Attorney-General v Institute of Professional Engineers New Zealand Incorporated


This case law summary was developed as part of the Disaster Law Database (DISLAW) project, and is not an official record of the case.

Geographical Area
Asia Pacific
New Zealand
Case Name
Attorney-General v Institute of Professional Engineers New Zealand Incorporated
Case Reference
[2018] NZHC 3211
Name of Court
High Court of New Zealand
Key Facts
Following the 7.1 magnitude earthquake which struck Canterbury on 4 September 2010. 115 persons died when the Canterbury Television (CTV) building collapsed.
Decision and Reasoning
The Court first considered whether it was possible for the Attorney-General to bring the proceedings in his own right, not just on behalf on the complainant. The judge found that he could, as there is significant and genuine public interest in ensuring professional disciplinary procedures are done in accordance with the law, the CTV collapse was a “major national disaster”, and Reay, through the code of ethics, was required to recognise his responsibility to the public interest. The Court also found that judicial review into disciplinary proceedings is appropriate, especially where it involves issues of legal interpretation.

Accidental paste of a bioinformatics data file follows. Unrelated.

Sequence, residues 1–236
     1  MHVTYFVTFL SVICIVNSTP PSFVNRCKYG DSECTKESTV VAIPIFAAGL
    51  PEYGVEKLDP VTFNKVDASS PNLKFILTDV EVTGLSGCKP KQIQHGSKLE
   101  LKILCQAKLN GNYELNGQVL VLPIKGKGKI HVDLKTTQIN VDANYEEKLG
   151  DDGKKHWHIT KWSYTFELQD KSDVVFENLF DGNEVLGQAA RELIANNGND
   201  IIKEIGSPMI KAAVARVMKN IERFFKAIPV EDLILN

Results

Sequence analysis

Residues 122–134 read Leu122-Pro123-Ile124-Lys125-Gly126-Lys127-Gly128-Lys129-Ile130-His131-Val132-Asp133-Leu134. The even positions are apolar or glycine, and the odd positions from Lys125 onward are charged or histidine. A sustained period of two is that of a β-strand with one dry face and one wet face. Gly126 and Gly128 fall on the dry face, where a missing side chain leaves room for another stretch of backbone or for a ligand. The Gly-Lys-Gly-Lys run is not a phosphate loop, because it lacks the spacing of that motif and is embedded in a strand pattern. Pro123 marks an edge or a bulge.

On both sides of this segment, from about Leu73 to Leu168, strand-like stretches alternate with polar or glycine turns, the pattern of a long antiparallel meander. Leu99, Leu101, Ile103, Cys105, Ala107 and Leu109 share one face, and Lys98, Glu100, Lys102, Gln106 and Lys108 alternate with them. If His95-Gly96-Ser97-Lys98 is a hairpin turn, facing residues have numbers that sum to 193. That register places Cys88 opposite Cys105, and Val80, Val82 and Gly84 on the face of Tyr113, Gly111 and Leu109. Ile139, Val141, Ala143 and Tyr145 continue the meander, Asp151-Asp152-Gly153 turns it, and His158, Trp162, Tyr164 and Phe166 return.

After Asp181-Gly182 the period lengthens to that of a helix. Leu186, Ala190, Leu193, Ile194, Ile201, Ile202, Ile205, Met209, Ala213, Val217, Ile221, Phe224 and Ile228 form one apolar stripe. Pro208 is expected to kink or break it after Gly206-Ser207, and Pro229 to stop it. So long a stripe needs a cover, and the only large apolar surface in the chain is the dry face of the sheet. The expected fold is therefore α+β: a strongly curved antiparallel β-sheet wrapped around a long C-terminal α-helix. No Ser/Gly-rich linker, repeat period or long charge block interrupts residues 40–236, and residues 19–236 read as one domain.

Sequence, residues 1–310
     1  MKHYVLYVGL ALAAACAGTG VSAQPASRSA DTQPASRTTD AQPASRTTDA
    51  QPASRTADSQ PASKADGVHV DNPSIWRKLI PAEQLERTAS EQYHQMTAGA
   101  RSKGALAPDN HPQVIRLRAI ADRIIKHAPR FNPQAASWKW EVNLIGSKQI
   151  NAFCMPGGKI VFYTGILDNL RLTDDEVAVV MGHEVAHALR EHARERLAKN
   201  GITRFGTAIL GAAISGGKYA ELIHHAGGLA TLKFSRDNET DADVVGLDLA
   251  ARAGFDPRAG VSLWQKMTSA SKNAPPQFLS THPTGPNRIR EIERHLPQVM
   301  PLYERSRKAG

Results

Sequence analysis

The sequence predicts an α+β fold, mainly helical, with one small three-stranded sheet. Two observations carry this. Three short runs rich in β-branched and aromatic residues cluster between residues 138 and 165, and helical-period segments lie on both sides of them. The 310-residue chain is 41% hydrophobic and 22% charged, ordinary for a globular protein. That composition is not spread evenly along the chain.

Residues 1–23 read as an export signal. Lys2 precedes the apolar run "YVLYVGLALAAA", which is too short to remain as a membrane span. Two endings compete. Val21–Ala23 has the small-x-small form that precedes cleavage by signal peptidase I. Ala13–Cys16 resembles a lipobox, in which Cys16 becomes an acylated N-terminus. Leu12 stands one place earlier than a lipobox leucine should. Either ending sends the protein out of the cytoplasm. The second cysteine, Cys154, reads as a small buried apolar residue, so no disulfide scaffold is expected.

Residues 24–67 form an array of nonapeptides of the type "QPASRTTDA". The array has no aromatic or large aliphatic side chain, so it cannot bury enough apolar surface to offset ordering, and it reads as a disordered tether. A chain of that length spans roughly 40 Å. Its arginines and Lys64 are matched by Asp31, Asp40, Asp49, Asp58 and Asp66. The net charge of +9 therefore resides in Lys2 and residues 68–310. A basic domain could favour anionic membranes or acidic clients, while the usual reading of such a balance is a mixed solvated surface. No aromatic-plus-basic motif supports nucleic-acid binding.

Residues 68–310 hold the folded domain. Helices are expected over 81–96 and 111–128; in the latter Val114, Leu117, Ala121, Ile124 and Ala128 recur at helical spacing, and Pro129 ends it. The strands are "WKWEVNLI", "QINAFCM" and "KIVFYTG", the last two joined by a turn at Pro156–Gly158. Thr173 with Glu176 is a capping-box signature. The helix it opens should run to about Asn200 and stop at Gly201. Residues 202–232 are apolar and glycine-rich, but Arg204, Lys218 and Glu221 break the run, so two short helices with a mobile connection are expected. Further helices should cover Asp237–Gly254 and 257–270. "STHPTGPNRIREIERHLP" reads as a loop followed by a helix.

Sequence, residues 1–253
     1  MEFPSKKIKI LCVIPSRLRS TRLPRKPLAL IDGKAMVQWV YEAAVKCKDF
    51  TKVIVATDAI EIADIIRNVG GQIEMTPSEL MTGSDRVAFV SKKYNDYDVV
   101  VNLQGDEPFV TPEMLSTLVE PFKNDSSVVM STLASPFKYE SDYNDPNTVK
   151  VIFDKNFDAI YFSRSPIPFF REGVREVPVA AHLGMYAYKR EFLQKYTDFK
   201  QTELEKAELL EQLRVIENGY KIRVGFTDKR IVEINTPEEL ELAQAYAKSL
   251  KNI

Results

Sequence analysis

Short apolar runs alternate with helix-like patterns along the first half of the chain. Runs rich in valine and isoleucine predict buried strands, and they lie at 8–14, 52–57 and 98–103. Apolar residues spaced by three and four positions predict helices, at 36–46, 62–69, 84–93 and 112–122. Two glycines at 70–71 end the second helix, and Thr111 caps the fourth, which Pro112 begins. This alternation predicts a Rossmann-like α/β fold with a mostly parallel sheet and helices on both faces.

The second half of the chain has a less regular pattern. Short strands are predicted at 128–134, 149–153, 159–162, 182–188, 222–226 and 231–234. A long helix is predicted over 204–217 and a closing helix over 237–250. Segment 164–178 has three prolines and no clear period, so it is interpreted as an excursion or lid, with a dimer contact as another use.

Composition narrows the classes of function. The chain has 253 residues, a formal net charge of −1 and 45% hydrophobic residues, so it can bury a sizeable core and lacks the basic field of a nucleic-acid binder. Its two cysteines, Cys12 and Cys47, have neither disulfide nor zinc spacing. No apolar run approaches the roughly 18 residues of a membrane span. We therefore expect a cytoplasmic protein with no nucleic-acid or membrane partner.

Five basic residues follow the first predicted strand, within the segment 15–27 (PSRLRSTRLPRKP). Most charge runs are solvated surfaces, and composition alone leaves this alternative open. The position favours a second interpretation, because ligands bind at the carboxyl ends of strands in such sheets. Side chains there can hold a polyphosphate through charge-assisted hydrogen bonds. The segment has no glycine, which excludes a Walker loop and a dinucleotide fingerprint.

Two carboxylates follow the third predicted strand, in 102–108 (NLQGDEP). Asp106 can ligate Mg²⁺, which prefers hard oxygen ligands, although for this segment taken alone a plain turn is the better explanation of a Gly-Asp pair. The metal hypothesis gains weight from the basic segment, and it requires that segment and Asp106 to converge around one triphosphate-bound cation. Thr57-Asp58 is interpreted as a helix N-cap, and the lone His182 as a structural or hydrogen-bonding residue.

Under the Institute’s Rules, they were only able to discipline a member, so the Court had to determine whether Reay was a member. Citing the principles of contractual interpretation, the Court found that the term ‘member’ includes a person who was a member when disciplinary proceedings commenced but has since resigned. This was because the use of ‘member’ in the Rules was not limited to situations where people currently held membership, and a reasonable person reading the relevant Rules would have been reluctant to conclude that the Institute intended a member to escape disciplinary proceedings by resigning, as this would undermine public trust. Furthermore, the Rules only specify that membership is a requirement at the time of the complaint.
The Court made two declarations: first, that the Institute has jurisdiction to investigate the complaint; second, it was wrong in law to dismiss the complaint.

As of June 2021, the New Zealand Institution of Professional Engineers are still investigating the complaint against Reay.